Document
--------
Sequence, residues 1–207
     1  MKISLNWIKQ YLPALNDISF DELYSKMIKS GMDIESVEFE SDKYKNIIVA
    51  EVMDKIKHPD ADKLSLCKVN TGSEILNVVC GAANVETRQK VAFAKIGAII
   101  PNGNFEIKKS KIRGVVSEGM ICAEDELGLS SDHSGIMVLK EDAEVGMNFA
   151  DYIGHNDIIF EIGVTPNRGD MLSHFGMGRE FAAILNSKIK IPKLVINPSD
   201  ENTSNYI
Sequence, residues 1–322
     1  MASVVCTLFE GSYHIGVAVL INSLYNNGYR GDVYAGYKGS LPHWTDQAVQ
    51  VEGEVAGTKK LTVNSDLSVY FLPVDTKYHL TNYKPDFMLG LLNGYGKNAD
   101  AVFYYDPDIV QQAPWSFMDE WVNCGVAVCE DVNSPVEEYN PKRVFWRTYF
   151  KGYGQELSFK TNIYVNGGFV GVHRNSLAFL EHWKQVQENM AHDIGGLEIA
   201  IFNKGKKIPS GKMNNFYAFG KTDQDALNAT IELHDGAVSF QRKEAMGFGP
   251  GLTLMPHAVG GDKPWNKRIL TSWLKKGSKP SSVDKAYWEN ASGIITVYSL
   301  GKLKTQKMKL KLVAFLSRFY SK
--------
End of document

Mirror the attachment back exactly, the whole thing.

Sequence, residues 1–207
     1  MKISLNWIKQ YLPALNDISF DELYSKMIKS GMDIESVEFE SDKYKNIIVA
    51  EVMDKIKHPD ADKLSLCKVN TGSEILNVVC GAANVETRQK VAFAKIGAII
   101  PNGNFEIKKS KIRGVVSEGM ICAEDELGLS SDHSGIMVLK EDAEVGMNFA
   151  DYIGHNDIIF EIGVTPNRGD MLSHFGMGRE FAAILNSKIK IPKLVINPSD
   201  ENTSNYI
Sequence, residues 1–322
     1  MASVVCTLFE GSYHIGVAVL INSLYNNGYR GDVYAGYKGS LPHWTDQAVQ
    51  VEGEVAGTKK LTVNSDLSVY FLPVDTKYHL TNYKPDFMLG LLNGYGKNAD
   101  AVFYYDPDIV QQAPWSFMDE WVNCGVAVCE DVNSPVEEYN PKRVFWRTYF
   151  KGYGQELSFK TNIYVNGGFV GVHRNSLAFL EHWKQVQENM AHDIGGLEIA
   201  IFNKGKKIPS GKMNNFYAFG KTDQDALNAT IELHDGAVSF QRKEAMGFGP
   251  GLTLMPHAVG GDKPWNKRIL TSWLKKGSKP SSVDKAYWEN ASGIITVYSL
   301  GKLKTQKMKL KLVAFLSRFY SK